Disappointment from a New Finance Manager

Samantha Turner

Hello All,

I became a finance manager 2 months ago and only recently was removed from salary (while my employer trained me) to commission, so I'm now working on my own. I am wondering a few things that I am not sure are part of the job or just part of my company's culture.

• Nobody (aside from my boss) is willing to provide any assistance, suggestions, answer a question, be truthful, or just help in any normal way. As a side note, in my old sales job all of my co-workers and I discussed different "techniques" that worked for us when dealing with clients. This job is the exact opposite.

• I was told we rotate customers since there are multiple Finance Managers at my job. I found out that the Finance Managers that have been there for a while "close" accounts that they have previously discussed with their customers, so they are removed from rotation. Coincidentally these are all very lucrative for them and I got stuck with nothing but leases. 

• I make no money on leases because nobody is interested in products who are leasing.

I'm also wondering how long did it take for you to roughly start making decent money. As of now, it's peanuts for me.

Thank for whatever help you can provide. 

Scott Larrabee

I'm not in finance, I am a salesperson as you use to be... however I have been in the car business for 6 years now and many of my friends are F&I managers. Needless to say it sounds like you need to stick up for yourself and make sure you aren't being taken advantage of because you're new... also, if you can't make money on leases because no one wants your product, that sounds like a training issue or your company hasn't done a good job finding products that benefit its leasing customers. I know here we do A LOT of leases because we sell Honda and Nissan and out F&I team does very well with wear care etc. You are on commission so money is up to you, but from what I have been told there is a learning curve in finance that takes a while so you may have to dig down and really commit to learning as much as you can on your own with what you have for available resources.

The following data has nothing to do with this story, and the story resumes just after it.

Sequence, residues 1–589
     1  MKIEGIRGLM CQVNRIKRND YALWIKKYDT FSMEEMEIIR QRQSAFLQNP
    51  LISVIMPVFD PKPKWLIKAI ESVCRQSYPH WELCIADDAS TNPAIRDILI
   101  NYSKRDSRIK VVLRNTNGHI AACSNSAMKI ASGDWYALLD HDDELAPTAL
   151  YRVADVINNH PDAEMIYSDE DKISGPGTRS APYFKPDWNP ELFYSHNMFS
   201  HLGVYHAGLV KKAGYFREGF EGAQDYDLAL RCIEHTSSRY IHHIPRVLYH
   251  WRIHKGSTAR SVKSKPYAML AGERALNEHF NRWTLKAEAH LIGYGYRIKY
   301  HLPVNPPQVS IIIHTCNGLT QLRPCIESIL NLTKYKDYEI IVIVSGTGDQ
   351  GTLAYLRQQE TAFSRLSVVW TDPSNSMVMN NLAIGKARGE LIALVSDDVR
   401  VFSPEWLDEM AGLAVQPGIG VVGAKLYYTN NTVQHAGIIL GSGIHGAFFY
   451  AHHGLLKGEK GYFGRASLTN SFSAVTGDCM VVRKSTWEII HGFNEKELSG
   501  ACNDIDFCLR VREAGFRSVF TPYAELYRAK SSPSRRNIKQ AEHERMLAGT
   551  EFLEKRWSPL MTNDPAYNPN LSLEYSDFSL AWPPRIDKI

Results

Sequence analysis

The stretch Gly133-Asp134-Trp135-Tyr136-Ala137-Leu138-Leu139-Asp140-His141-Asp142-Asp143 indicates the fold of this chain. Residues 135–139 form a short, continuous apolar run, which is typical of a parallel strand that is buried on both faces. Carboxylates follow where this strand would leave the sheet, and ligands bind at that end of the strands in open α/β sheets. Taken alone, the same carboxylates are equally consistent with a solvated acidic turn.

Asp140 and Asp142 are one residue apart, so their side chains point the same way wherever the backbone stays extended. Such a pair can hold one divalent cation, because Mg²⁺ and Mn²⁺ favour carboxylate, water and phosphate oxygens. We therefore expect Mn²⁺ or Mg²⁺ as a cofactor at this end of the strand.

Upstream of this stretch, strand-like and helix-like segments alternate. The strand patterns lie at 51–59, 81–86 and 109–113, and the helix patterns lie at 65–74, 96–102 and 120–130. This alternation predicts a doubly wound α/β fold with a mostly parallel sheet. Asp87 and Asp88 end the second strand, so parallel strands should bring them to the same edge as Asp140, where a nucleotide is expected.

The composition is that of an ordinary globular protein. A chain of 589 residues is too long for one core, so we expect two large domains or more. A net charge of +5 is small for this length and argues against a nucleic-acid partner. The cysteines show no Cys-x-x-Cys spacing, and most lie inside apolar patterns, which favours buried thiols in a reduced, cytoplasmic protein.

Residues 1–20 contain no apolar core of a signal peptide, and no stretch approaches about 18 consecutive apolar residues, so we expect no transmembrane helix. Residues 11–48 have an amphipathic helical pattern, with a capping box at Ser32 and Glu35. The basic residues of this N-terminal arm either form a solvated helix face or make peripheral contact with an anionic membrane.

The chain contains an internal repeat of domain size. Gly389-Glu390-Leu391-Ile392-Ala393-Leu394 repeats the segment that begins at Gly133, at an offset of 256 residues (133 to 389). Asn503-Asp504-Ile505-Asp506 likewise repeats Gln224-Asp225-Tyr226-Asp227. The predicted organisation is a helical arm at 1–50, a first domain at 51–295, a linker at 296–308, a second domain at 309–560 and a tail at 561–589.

I had the opportunity to enter finance last year, I turned it down because to me it's the most painful job I can see in this business.. most f&i managers I know hate their life lol... but some do enjoy it.. I think most do it though just to "pay their dues" to get to the desk. I hope you have success, and remember to stay positive and don't turn into the typical f&i manager that complains and whines about every deal unless its served up perfectly on a platter.. remember your sales roots, keep selling and keep smiling! 

Jason Stum

Hey Samantha, I was never a finance manager, but as a salesperson I had pretty good relationships with my F&I peeps that was mutually beneficial. 

In my experience, successfully selling F&I product started with the salesperson. Now I wasn't hard selling the products to my customers before they went into the office to sign, but I was teeing the them up. 

For example, before my customers went to see F&I, I'd prep them on what to expect. I'd say something like "Ok, remember that guy Bob who popped by earlier to say Hi? He's my F&I manager, and he's going to assist you in signing all the boring, but necessary, paperwork needed to get you this new vehicle. He's also going to present you some additional options that will help you protect your vehicle over the next few years..."

Then I'd lean in, and lower my voice a bit...

"Look", I'd say, "between you and me, a couple of the products he's going to talk about make a lot of sense for you and your vehicle, and some don't - but do me a favor and hear him out. If there were two things I'd highly recommend you consider, it would be product 1  and product 2 and here's why..."